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By Brock Weir It is said knowledge is power, and advocates fighting to preserve the land known as “Henderson Forest” are looking for a full arsenal. Representatives from the Save the Henderson Forest Ratepayers Group, a group calling on Council to act to preserve the privately-owned parcel of land on Henderson Drive currently under consideration for the construction of two large homes, which, they say amounts to over 49,000 square feet of significant woodland. The Henderson Forest Aurora Ratepayers Association appeared at Council last week to back a motion from Councillor Wendy Gaertner calling on the Town to release any and all municipal information as it relates to 672 and 684 Henderson Drive, “including but not limited to prior correspondence and Closed Session Reports and Minutes excluding anything currently being considered by Council in Closed Session” to the public and the Committee of Adjustment before future meetings on the lands. While the request did not go exactly as hoped for the Councillor and Ratepayers, it did take a step in that general direction. “For nearly two years, the community has been fighting to protect an area of pristine woodland on the Oak Ridges Moraine,” said George Skoulikas, who delegated to Council on behalf of the Ratepayers. “To put things into perspective [the land is] over 49,000 square feet of significant woodland, with mature trees that have been providing an important service to the community for decades and which will be playing an even more important role in the future challenging years of climate change. These trees are our ‘green infrastructure', filtering air pollution and stormwater, mitigating heat and drought and also preventing erosion. “This woodland must remain intact in order to protect its ecological integrity.” To underscore their argument, Mr. Skoulikas referenced a report on the property compiled by the University of Toronto's Forestry Department, which said that while the loss of “another area of forest is no big deal,” the incremental loss of forests has “huge ecological impacts, including habitat loss, forest fragmentation, and edge effects.” The Ratepayers, he continued, are trying to save .45 hectares of endangered species habitat, including habitat for two endangered species of bats whose population has declined by over 90 per cent in recent years, the habitat of a thriving Special Concern turtle population, habitats for varieties of woodpeckers, and the health of Tannery Creek, associated wetlands and significant valley lands. “Simply put, this land should be preserved,” he concluded. “We believe the Town of Aurora, its Council and its residents share the same goal, which is clearly reflected in the aim and intent of the Official Plan, ‘to guide the Town's evolution and development to the year 2031 with new emphasis on environmental responsibility.' Given the importance of protecting these lands, we would like to know the history on the Henderson Drive properties, a history that dates back decades. The history may or may not be helpful, but in the spirit of transparency, we would appreciate being able to make that judgement for ourselves. “We're asking [to have full access to the files] not just for those of us here today, but for the future generations of Aurorans who stand to lose if this area of pristine, environmentally protected woodland is destroyed. Once it's gone, it's gone.” The Ratepayers sent in a Freedom of Information (FOI) request in 2017 shortly after the application to develop the land was filed. Mr. Skoulikas said they were told there was no historical information on the property, but they have since learned there is more information to be found. “We know there is information and we want to access it,” he said.” Speaking to her motion, Councillor Gaertner said if there is any previous information on this land prior to the last Council term, that did not come forward. “If it had been pertinent now, we would have received it, and so we didn't, I just think this is kind of a non-event to help our residents,” she said. However, the wording of the motion gave some Council members paused when it was pointed out by Town Solicitor Patricia De Sario that were it to pass unaltered, any Closed Session reports would have to be released to the public. “Obviously I am not in favour of releasing stuff that clearly Council has not said yes to releasing,” said Councillor John Gallo. “If the intent is to review all the in-camera stuff and we deem particularly the in-camera stuff can be released because it poses no issues with the Town, then I am in favour of it. I am happy to go through the process if there is something in Closed Session we deem has no bearing legally to the corporation.” The interest of protecting the Town and residents should be first and foremost in Council's eyes, added Councillor Sandra Humfryes, who suggested adding one step to the process outlined in the motion: holding a Closed Session meeting where all the relevant documents can be reviewed, and the decision made on what could be released. “Let's just take that one step just to make sure we're protecting the Town through staff support and ultimately releasing the information if we feel it is the right thing to do,” she said. Councillor Michael Thompson agreed, stating Closed Session reports should only be released once they have had a chance to review them, discuss them in detail with staff, and understand the concerns the Town Solicitor or Clerk might have if they are to be released. “At the end of the day, we're responsible for the corporation and we need to understand the risk, if any, to doing this and that is typically what we have done in the past with Closed Session reports,” said Councillor Thompson. Everyone would like to have a review and discussion on Closed Session material to see if it is “prudent” for them to be released to the public, added Mayor Mrakas. “Everyone would like to have a look, review, and have a discussion on these closed session materials and make sure whether it is prudent on our behalf to release these, or whether we need to hold them in closed session due to the fact they might bring harm to the Town,” he said. “I would suggest that if this is acceptable to everyone, you might defer this to our next Council meeting which would allow us to go into closed session and have these materials in front of us and we can review them and have a discussion and speak to this motion.” The next formal Council meeting is set for March 26, following a brief Special Council meeting the Tuesday before.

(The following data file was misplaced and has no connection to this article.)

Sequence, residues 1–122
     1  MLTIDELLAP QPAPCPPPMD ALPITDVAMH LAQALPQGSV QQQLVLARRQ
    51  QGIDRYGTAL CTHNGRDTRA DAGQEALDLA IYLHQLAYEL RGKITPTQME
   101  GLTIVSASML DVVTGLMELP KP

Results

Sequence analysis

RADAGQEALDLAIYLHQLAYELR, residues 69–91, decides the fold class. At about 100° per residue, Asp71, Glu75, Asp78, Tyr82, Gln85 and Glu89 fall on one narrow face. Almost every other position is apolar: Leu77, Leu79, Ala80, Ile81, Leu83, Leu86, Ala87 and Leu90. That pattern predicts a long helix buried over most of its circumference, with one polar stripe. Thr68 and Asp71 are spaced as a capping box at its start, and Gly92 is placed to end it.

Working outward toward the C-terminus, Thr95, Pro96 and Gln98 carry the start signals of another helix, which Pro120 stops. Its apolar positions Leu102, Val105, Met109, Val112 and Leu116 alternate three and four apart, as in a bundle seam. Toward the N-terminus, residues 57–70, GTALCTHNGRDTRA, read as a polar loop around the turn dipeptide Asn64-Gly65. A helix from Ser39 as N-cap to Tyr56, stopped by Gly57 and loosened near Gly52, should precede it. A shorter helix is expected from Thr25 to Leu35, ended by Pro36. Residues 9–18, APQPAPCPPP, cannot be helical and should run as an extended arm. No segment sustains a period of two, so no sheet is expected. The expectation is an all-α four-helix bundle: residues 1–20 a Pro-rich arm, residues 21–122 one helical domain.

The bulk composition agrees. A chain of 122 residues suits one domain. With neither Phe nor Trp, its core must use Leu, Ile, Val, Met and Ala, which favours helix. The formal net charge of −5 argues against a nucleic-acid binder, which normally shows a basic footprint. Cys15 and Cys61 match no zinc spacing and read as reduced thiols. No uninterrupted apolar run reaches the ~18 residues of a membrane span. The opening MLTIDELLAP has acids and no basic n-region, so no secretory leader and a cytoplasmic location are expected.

Excerpt: It is said knowledge is power, and advocates fighting to preserve the land known as “Henderson Forest” are looking for a full arsenal.